Founded in 1084 by Saint Bruno, the Carthusians are a contemplative order of monks who adhere to a strict regimen of prayer, self-denial, and solitude. Similar to the Cistercians, the Carthusians took their name from the place of their origin, the La Grande Chartreuse, a valley near Grenoble, France.
Since Saint Bruno never compiled a formal rule for the order during the early years, members were instructed to adhere, in spirit and custom, to the example of the founder. However, over time, this proved to be rather difficult. In 1127, Guigues du Chastel (the fifth prior of La Grande Chartreuse) laid down the first rule. Five years after Guigues wrote the rule, Pope Innocent II approved it. In 1245, the first Carthusian Order of nuns was started.
In 1258, the order issued a new edition of the rule entitled Statuta Antiqua, and in 1368, they promulgated another called the Statuta Nova. Subsequently, almost one hundred and fifty years later, the order delivered a collection of the various ordinances and a synopsis of the statutes under the title Tertia Compilatio. The following year, Johann Amorback printed the rule for the first time, and, in 1581, the Nova Collectio Statutorum was published.
Since the time of its foundation, the Carthusian Order has remained one of the strictest and most contemplative orders in the entire Church. Following Saint Bruno’s regulations, monks would devote their entire day to silence, prayer, and isolation. With the exception of coming together at morning Mass, Vespers, and for the evening office, they would spend the rest of their time laboring, praying, and eating alone. On certain feast days, however, they would come together to share their meals.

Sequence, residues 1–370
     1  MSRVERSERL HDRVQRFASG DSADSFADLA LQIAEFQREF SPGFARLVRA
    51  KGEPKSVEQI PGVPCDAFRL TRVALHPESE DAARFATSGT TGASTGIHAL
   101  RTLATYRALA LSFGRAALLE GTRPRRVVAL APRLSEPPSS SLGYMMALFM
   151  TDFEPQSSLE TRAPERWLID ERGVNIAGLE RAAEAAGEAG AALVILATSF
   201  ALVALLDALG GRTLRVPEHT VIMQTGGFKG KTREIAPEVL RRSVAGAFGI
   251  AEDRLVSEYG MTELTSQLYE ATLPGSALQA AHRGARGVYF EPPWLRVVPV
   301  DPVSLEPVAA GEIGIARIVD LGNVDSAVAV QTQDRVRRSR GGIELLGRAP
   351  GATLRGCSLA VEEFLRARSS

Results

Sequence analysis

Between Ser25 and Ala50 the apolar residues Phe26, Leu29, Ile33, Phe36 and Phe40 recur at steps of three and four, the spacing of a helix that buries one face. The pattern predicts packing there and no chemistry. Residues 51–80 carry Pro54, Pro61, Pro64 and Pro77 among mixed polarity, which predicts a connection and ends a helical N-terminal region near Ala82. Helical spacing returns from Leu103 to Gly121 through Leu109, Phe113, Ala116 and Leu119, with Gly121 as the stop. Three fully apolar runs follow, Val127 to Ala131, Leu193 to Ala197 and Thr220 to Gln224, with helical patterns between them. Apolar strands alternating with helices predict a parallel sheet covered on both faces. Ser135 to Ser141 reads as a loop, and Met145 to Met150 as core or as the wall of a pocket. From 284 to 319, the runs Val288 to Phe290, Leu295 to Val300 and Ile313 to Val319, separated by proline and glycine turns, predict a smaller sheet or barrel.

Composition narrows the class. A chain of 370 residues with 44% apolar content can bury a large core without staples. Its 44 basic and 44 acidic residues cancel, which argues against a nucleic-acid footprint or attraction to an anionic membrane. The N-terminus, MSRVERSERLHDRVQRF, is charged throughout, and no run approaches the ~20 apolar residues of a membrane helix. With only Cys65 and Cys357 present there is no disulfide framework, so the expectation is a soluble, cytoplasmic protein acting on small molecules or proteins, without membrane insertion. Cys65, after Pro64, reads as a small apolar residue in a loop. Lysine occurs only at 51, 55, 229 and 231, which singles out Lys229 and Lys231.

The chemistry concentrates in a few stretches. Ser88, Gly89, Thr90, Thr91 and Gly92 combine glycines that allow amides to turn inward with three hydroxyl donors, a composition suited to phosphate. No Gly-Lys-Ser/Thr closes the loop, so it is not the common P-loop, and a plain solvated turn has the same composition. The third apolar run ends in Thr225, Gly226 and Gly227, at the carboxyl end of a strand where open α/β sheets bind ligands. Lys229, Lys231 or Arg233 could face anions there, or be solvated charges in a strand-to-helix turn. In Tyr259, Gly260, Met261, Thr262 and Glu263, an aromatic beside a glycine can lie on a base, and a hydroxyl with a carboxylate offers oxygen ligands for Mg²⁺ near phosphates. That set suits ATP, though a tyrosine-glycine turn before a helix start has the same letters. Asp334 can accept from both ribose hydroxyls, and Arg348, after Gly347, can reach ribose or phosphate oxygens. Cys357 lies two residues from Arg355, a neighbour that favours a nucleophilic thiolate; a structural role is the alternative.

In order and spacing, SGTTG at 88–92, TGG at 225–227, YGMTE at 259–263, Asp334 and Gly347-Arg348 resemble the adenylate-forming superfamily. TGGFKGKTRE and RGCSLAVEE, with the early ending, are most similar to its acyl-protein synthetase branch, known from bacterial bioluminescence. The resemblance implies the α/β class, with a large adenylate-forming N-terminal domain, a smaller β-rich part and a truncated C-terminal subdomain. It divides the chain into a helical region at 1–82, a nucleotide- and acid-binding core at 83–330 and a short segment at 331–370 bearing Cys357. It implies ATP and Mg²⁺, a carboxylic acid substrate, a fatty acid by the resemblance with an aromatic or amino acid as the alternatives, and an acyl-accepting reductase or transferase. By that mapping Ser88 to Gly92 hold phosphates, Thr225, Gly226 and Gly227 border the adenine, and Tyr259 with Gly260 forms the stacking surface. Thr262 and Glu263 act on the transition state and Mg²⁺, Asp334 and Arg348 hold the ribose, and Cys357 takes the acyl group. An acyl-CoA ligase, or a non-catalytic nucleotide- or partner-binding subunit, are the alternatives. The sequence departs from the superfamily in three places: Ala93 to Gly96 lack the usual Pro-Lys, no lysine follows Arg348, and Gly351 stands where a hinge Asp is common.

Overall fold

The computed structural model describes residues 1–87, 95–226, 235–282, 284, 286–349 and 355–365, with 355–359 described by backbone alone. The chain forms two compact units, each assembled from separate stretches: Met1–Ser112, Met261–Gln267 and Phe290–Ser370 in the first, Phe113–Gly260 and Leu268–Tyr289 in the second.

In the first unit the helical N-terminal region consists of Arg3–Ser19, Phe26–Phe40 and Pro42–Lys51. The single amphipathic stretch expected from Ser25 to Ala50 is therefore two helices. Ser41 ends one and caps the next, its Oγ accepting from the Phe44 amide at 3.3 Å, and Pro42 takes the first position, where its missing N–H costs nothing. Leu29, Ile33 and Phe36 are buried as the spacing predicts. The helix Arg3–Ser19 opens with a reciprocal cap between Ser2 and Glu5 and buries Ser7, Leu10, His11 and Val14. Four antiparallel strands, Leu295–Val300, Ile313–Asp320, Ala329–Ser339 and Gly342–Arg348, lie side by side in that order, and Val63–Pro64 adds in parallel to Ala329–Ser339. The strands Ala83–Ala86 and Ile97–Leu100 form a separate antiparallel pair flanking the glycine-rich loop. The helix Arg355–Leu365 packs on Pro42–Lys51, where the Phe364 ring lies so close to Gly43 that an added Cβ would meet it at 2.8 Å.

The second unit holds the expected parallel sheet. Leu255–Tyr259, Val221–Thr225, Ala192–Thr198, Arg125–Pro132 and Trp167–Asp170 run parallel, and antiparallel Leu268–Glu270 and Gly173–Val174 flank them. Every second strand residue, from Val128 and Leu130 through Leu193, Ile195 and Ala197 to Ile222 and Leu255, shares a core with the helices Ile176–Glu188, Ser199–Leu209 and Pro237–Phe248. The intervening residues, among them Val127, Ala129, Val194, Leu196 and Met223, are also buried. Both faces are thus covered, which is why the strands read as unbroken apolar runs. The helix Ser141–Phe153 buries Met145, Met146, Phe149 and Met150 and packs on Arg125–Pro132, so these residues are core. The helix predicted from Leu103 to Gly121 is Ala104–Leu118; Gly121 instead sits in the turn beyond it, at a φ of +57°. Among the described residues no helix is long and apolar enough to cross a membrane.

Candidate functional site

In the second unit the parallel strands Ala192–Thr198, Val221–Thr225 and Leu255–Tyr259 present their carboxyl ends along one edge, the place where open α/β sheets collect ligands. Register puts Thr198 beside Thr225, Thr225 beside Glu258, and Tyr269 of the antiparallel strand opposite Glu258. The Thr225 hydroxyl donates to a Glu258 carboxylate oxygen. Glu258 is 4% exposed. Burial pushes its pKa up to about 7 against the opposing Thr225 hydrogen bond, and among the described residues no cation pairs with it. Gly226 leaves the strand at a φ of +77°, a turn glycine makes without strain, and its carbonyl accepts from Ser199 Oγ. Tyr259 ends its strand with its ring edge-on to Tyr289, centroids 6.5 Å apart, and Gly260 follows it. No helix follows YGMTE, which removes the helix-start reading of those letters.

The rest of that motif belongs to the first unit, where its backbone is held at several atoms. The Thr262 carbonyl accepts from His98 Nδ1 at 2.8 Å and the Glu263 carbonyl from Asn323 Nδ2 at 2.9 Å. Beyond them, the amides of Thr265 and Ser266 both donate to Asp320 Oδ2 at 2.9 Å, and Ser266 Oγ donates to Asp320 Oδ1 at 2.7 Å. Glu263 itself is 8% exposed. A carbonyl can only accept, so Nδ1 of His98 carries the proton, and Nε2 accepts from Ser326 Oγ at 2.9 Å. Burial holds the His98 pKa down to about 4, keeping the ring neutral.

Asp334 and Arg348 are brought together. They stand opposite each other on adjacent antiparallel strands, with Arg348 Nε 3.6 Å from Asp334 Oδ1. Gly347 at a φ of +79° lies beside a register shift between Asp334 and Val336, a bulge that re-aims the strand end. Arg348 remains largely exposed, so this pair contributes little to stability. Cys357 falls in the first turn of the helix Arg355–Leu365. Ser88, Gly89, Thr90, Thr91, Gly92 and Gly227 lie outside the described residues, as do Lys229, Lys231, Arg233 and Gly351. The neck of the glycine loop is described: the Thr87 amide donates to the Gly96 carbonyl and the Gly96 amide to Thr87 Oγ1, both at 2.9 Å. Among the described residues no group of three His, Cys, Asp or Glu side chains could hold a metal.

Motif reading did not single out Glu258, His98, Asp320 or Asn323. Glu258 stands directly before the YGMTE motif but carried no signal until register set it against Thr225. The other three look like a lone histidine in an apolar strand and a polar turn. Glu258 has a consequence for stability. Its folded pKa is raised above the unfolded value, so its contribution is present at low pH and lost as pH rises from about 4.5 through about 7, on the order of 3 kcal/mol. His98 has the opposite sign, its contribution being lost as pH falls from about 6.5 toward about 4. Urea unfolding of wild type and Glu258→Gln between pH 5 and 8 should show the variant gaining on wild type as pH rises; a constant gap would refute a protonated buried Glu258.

Owing to their almost total removal from society, the Carthusians did not share the unhappy fate that other religious orders experienced during the upheavals of the Middle Ages. Most escaped persecution, but certain members, however, did suffer execution under King Henry VIII in England. The French Revolution, however, was even less kind to the order. As anticlerical legislation swept through France during the 1800s and early 1900s, the Carthusians experienced many misfortunes. In places such as Spain and Italy however, they remained a popular favorite. Today, they can be found throughout the world.
According to a story told by the Carthusians, there was once a pope who felt their Rule was too severe, so he asked the monks to modify it. In response, the Carthusians sent a delegation of twenty-seven monks to Rome to plead their case. When the group arrived at the Vatican, the pontiff found that the youngest member of the group was eighty-eight years old, and the oldest ninety-five. As a result, the Holy Father left the Rule intact.
To this day, the Carthusian Order is considered by the Church to be the most perfect model of a penitential and contemplative state.